Running a business, itself, is an optimization problem at heart, McGann said. Businesses look to balance minimizing costs with other factors that maximize the growth of the company’s profitability, which is an optimization problem by definition.
QCI sees quantum as a way to find paths – many which might be hidden, or at least currently considered intractable – to maximize companies’ profit by optimizing important cost line items.
“We can look at optimization, in general, from a business point of view and this wouldn’t matter whether it was finance, travel, logistics, supply chain, or whatever operational function you can think,” said McGann. “One of the critical elements is to start by looking at how to minimize the costs and then overlay all of the other factors in the business, these other constraint variables – and there can be many hundreds of constraints, depending on the complexity – that will bring the cost up from some absolute minimum number, but will also maximize the growth of the profitability of that entity as a whole.”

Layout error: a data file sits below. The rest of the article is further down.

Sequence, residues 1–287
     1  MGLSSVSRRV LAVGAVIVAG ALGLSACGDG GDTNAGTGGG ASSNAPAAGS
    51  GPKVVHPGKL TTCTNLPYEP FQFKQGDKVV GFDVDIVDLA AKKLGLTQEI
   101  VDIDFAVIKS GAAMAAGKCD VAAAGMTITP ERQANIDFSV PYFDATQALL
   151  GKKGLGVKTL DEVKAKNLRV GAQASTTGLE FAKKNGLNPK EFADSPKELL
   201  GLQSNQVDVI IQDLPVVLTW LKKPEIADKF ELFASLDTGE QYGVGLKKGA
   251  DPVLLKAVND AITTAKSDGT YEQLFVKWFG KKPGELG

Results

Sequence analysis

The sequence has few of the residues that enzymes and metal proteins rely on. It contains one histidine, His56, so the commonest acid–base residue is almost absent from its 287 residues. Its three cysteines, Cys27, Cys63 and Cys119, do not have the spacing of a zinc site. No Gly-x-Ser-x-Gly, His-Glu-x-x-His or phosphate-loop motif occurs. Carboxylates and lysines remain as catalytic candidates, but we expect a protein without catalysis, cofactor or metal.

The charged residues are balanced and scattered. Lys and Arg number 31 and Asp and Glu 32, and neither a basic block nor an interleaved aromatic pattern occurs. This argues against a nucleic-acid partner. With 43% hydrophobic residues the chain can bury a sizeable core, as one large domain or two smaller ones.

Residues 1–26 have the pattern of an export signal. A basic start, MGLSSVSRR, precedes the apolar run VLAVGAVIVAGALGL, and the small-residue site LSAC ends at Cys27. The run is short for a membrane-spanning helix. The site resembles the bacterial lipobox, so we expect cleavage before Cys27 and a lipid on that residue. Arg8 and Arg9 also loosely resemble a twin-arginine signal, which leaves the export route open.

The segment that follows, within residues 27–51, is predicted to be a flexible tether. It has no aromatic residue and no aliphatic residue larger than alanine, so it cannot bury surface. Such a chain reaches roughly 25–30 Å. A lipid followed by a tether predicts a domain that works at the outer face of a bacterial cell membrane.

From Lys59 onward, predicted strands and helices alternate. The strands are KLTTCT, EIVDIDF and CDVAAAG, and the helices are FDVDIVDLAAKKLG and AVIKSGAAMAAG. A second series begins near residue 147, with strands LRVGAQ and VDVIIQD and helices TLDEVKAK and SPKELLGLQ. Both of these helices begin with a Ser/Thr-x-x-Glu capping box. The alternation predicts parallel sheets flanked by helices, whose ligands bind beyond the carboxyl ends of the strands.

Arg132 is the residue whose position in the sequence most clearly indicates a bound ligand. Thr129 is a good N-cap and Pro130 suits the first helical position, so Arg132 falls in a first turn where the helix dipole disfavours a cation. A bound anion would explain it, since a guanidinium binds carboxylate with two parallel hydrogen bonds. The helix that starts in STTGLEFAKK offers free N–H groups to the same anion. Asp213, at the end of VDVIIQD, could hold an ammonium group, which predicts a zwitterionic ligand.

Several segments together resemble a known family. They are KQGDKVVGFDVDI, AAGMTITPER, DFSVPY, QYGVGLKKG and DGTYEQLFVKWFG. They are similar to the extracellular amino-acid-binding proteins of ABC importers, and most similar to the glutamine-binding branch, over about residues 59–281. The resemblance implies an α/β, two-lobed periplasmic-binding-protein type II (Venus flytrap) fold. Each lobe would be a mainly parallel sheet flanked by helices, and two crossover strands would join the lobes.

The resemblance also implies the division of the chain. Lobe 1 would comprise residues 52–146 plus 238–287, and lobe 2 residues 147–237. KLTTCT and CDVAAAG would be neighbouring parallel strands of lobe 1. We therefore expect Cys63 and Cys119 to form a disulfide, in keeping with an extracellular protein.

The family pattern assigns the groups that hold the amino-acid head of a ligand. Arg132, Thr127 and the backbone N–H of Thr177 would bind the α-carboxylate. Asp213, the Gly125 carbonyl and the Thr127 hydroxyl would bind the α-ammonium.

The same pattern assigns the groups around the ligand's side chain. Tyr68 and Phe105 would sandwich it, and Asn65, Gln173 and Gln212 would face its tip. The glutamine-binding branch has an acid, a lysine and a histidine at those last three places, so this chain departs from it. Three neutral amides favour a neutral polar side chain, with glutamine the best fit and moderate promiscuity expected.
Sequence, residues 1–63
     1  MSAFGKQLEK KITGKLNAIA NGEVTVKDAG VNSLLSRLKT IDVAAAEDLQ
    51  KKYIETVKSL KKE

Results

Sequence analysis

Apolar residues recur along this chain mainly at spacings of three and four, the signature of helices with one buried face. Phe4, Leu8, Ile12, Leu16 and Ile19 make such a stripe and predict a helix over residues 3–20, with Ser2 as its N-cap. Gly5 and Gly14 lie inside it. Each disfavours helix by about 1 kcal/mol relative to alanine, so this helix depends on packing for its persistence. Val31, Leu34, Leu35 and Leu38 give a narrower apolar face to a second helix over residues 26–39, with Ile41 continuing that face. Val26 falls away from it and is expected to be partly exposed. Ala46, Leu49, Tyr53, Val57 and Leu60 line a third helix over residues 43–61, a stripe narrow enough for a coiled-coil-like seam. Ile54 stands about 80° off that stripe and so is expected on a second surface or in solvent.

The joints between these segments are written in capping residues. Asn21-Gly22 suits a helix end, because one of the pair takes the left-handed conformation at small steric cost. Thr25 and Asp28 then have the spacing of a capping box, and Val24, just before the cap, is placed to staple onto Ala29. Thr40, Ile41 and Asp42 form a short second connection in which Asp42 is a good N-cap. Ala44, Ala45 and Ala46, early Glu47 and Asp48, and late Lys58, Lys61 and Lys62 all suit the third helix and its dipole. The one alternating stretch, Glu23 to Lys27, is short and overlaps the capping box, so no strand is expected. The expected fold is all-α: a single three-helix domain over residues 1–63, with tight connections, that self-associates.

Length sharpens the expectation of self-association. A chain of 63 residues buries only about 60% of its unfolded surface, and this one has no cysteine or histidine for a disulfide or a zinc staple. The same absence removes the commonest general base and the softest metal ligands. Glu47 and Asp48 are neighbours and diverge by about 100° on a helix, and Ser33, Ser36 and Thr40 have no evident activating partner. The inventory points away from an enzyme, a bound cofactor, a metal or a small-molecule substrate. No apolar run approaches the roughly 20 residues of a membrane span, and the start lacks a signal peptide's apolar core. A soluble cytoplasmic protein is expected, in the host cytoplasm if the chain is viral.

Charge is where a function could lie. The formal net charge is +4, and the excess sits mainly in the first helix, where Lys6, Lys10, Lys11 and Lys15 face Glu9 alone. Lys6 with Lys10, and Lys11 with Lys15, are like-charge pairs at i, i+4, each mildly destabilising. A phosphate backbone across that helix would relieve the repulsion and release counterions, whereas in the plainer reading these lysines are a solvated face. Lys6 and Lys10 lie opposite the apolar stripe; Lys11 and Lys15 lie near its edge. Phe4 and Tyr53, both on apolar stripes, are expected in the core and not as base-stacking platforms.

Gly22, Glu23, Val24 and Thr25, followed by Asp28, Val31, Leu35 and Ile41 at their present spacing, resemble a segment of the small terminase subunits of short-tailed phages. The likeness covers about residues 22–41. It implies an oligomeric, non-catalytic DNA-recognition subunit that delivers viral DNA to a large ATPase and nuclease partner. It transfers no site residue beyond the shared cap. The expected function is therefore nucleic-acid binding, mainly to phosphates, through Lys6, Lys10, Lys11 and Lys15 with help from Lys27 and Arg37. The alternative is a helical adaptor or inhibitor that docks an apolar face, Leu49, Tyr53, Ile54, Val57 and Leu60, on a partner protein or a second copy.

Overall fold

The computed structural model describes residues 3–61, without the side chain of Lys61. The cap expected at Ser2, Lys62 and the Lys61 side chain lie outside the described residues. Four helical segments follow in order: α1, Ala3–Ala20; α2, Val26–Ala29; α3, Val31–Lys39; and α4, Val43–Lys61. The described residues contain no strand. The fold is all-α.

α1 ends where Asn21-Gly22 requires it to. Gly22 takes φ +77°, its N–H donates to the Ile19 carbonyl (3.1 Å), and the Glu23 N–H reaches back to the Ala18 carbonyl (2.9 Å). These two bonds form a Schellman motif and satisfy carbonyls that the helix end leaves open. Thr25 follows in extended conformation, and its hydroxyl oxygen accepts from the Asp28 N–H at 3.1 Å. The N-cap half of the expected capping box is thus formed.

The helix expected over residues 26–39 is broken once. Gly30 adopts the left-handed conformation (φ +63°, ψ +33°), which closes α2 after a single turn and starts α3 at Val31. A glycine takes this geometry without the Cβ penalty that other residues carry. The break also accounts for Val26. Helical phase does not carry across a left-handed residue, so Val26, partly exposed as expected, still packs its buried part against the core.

Why Are Quantum Computers Good At Solving Optimization Problems?
Given all the computational power available to businesses and organizations, the question then becomes why not just leverage classical computers for solving optimization problems?
Some of these optimization problems are just too complex for classical computers, said McGann. Classical supercomputers may even struggle with these tasks.
Quantum computers, however, fit well into tackling optimization problems.
McGann said that quantum computers, such as QCI’s Dirac 2, can provide better answers and more insightful paths for complex problems. The reasons quantum computers are more adept at providing those better answers is their ability to handle multiple variables interacting simultaneously.
However, McGann said that the way quantum computers are portrayed as competition for classical computers is off target. Quantum computers are partners in the process of helping businesses and organizations find solutions.